When a diabetic experiences blurry vision, it can mean a change in eye grade—or it could be a symptom of diabetic retinopathy.
According to Dr. Amadeo Veloso Jr., director of retina and vitreous disease service at Asian Eye Institute, people who have had diabetes for over five years and have poor blood sugar control are at greater risk for diabetic retinopathy.
The retina is the part of the eye that acts like the film in a camera. When the light strikes in the retina, it “takes a picture” and sends it to the brain through the optic nerve.
Veloso explains: “Too much sugar in the blood blocks the tiny blood vessels that nourish the retina, decreasing its blood supply.”
Because the blood supply is decreased, the retina is poorly oxygenated. The eye then attempts to grow new blood vessels. But because these new blood vessels don’t develop properly, they are weak and can leak fluid or blood easily into the retina. This leakage can cause complications that can lead to serious vision problems like macular edema, glaucoma, retinal detachment, retinal hemorrhage and cataracts.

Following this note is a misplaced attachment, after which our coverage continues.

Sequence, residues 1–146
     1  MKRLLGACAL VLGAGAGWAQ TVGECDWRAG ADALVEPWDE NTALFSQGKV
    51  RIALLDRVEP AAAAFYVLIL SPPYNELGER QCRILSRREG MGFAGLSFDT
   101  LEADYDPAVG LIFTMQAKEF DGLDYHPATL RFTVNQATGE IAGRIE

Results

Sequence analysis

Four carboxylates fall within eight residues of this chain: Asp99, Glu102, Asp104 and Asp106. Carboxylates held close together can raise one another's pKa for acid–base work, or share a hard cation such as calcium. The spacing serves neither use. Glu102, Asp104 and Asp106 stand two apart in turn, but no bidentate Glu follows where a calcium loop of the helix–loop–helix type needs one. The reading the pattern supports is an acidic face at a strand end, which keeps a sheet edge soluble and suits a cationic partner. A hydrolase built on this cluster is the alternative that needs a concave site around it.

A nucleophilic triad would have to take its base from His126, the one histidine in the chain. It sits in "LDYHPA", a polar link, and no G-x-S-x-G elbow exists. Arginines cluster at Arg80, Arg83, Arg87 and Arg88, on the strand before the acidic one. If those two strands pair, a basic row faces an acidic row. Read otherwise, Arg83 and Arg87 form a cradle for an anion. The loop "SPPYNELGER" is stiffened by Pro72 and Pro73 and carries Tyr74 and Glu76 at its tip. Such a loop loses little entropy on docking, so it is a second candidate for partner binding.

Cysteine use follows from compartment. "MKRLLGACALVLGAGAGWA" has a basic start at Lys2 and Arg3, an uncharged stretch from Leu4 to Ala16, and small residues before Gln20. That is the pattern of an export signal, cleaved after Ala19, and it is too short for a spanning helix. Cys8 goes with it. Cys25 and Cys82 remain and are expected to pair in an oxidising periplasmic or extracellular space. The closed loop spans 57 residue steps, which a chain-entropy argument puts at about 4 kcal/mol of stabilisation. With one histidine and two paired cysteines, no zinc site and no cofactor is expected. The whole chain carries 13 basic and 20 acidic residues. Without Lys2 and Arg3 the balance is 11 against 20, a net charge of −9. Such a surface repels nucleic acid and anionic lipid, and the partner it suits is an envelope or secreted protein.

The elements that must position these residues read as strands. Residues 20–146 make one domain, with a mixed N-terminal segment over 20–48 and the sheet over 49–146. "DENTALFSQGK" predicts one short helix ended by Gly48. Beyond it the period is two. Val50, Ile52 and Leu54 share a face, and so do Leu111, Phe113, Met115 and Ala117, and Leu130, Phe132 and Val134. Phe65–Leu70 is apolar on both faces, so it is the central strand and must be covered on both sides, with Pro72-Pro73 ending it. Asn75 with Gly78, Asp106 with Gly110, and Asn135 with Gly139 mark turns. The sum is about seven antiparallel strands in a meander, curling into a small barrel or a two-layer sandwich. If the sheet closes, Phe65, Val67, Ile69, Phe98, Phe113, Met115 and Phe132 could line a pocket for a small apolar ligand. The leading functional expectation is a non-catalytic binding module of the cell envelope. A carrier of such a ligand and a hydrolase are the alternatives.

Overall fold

People with diabetic retinopathy don’t know they have it because it usually has no symptoms in its early stages. However, as it progresses, a patient could experience warning signs like seeing floaters or clear or dark spots or strings that float across their vision. Some may experience fluctuating vision, impaired vision or seeing dark or empty areas in their vision.
Vision lost to diabetic retinopathy is irreversible. However, Veloso clarifies that having diabetes doesn’t necessarily mean patients will suffer from serious eye problems.
“This is why we urge patients to manage their diabetes and overall health to reduce their risk of getting diabetic retinopathy. They should also get their eyes checked at least every six months so we can monitor their eye condition and prevent possible vision loss that can lead to blindness.
“Lifestyle changes can go a long way in preventing further complications,” he adds. “Make sure to eat healthy, exercise daily and quit smoking. You should also monitor your blood sugar level and keep your blood pressure and cholesterol under control. More importantly, visit your retina specialist right away if you start experiencing vision problems.”